It’s also important to continually check in with your gut, Ms. Ryan added, and remember: Don’t accept an offer before fully considering the terms. Playing hard to get can feel scary because you may really need the money, “but no one will value you more highly than you value yourself,” she said. Sometimes it’s a matter of giving yourself the space to calm down and evaluate.

Ms. Ryan recommends asking a lot of questions, reading up on the organization from third-party perspectives, and checking out job-search websites like to see what employees and ex-employees say about it. Keep in mind: The goal is to approach any negotiation cautiously and with a clear head.

Know your market value

Not only should we do our homework in the moment, Dr. Cialdini said, we should also be continually assessing our market worth, “so that if an unexpected opportunity comes up, you don’t have to rush and do a slack job on this crucial factor.”

Keep an updated spreadsheet on hand with a list of your skills and achievements so you can quickly review it when you have an offer. You also have to know how much to charge for your services beforehand. Ms. Ryan suggests using tools like, to figure out what others like you get paid in your ZIP code.

The idea is to plan ahead so you’re not scrambling in the moment. Having a firm understanding of how much your skills are worth will allow you to not rush after every opportunity that arises (and yes, this includes hasty email responses).

Adopt an abundance mind-set

Recognizing that there are unlimited possibilities can give you the security and confidence you need to create successful outcomes. “A lot of people that make decisions based on fear are people that are playing small versus thinking big,” said Caroline Castrillon, a business coach and the founder of Corporate Escape Artist. Negative thoughts can become self-fulfilling prophecies if you say them to yourself enough, she added.

Try reappraising negative self-talk by noticing when it leads to thoughts of failure. Do you imagine losing out on future opportunities if you don’t eagerly accept the ones that are in front of you? As a freelance writer, I’ve often fallen into the trap of taking on too many assignments for fear that saying “no” would limit my options later on.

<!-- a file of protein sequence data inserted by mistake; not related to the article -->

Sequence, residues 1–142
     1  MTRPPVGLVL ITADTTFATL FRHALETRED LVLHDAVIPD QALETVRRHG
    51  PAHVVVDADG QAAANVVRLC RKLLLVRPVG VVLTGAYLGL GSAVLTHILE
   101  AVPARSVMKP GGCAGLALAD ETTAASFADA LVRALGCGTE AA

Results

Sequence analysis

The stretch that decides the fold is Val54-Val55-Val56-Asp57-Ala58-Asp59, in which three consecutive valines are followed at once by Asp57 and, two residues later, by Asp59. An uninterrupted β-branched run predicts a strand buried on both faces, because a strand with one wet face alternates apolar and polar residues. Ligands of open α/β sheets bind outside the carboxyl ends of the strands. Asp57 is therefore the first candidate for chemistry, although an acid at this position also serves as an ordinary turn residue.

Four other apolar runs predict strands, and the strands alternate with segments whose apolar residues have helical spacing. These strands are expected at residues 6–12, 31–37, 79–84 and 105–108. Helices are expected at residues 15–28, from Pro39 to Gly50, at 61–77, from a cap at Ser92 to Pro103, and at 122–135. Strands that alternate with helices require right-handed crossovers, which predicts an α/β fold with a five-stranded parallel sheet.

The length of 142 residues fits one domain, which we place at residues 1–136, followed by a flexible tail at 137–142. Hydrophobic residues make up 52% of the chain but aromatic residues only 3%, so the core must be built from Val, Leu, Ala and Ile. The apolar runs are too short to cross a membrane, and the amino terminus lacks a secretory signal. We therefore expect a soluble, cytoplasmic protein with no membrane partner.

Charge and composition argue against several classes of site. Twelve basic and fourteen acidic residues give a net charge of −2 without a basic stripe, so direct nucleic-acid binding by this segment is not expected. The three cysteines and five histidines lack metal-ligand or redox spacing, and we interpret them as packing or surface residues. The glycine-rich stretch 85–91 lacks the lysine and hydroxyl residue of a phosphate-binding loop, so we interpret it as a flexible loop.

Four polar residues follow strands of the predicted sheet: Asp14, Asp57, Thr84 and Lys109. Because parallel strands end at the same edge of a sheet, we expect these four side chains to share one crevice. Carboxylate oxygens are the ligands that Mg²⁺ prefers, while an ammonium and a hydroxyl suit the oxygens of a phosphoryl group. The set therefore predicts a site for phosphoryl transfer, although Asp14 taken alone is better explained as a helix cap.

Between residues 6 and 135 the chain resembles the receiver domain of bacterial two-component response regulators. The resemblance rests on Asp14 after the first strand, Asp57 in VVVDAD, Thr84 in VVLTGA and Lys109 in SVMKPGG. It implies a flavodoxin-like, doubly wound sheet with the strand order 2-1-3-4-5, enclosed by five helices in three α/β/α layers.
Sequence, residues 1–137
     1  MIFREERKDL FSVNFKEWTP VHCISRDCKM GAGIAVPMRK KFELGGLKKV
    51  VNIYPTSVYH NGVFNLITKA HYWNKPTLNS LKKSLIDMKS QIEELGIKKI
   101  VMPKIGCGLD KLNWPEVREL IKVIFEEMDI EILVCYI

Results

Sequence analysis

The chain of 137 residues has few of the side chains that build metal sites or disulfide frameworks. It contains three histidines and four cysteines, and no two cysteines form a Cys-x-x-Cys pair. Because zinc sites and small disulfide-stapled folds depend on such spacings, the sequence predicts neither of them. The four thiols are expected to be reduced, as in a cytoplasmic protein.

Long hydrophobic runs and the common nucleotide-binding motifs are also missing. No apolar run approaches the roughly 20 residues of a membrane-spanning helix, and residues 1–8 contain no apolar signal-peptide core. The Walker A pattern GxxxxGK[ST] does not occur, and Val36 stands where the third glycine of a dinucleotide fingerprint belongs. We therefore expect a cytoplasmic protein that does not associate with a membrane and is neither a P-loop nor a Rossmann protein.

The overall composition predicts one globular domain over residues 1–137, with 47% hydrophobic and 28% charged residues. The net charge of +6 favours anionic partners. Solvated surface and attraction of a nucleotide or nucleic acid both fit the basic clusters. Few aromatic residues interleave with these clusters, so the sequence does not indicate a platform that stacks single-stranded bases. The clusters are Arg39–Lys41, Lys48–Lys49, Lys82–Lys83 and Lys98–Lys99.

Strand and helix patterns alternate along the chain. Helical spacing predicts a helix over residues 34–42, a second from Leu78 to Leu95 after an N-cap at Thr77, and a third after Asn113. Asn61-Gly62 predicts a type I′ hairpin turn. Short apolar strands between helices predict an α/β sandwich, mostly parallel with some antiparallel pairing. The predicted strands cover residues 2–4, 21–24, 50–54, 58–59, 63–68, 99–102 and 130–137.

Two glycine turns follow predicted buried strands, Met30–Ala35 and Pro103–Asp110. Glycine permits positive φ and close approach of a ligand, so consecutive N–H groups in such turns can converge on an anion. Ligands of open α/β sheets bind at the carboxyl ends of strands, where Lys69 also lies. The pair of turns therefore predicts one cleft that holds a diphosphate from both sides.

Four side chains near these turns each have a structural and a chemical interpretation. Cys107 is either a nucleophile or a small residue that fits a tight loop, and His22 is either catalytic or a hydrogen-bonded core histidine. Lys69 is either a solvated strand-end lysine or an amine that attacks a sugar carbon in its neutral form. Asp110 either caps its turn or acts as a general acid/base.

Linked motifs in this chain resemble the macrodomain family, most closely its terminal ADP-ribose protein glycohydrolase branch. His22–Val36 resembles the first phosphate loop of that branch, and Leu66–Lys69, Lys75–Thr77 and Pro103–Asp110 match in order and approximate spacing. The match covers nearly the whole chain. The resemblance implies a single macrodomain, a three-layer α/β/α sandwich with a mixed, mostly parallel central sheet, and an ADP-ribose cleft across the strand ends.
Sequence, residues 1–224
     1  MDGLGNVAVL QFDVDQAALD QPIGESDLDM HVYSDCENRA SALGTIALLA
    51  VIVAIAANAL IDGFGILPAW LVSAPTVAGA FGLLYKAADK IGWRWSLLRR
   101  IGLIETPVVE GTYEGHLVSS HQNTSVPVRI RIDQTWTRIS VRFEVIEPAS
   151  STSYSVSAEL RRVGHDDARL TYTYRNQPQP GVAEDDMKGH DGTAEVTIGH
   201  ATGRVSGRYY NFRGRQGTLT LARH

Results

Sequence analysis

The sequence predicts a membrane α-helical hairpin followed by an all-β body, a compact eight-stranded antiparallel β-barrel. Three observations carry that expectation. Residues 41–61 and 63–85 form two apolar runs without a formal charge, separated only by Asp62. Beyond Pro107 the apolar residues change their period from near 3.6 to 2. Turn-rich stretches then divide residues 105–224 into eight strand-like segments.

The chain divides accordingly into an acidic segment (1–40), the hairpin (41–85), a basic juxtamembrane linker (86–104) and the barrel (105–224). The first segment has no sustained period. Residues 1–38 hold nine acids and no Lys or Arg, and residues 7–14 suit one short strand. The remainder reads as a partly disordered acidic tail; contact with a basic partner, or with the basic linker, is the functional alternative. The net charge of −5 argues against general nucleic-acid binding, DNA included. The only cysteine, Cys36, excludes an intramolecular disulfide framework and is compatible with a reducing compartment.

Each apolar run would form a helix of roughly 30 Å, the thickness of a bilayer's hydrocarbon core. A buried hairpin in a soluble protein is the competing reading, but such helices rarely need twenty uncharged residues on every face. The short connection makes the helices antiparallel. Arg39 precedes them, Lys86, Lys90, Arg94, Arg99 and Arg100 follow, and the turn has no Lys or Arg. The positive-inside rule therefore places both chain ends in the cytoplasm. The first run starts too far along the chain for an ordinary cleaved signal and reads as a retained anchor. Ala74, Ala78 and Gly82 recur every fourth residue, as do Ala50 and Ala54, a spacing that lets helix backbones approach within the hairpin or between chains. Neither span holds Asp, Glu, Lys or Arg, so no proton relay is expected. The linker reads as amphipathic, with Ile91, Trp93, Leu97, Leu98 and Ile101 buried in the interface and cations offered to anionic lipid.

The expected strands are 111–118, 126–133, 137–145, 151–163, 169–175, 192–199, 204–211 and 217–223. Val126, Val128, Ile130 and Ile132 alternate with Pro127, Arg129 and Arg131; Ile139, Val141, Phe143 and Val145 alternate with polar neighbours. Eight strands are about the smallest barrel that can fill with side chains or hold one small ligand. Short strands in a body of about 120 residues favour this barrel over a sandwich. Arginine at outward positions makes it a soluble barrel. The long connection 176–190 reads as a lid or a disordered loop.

But according to Dr. Nicholson, we need to reframe how we use scarcity and abundance in our own head before we can apply it outwardly. When you worry about all the things you’re going to lose out on if you don’t take a particular opportunity, you’re using the scarcity mind-set on yourself rather than as a persuasion strategy, he said. “You’re at a real disadvantage mentally.”

Most people tend to tell prospective employers or clients “all the wonderful things they can and are going to do for them,” Dr. Nicholson said, adding, “That’s an abundance mind-set for them,” whereas your own inner dialogue might be full of insecurity. “So it’s about flipping it around,” he said, “and coming at it from the perspective of abundance from inside of one’s self.”

Trust the process

Ultimately, appearing less available isn’t about limiting our enthusiasm or being unnecessarily hard on ourselves. It’s about trusting in our own self-worth so we can be proactive, experts say. This means mindfully aligning our excitement into strategy.

“Emphasizing the uniqueness of your resources and your collaborative approach can help you more quickly advance your goals,” said Shirli Kopelman, a professor at the Ross School of Business at the University of Michigan and the author of “Negotiating Genuinely: Being Yourself in Business,” who views emotions as a resource in negotiation.

Part of training ourselves to think differently, Ms. Castrillon said, is regularly stepping outside our comfort zone (and holding off on sending all those overeager replies). Pushing yourself beyond what you think you can do is a good way to train yourself to see possibilities, she added.

“It’s basically a mind-set that if this doesn’t work out,” she said, “there’s something even better right around the corner.”

A version of this article appears in print on , on Page B7 of the New York edition with the headline: Play Hard to Get in Your Professional Life. Order Reprints | Today’s Paper | Subscribe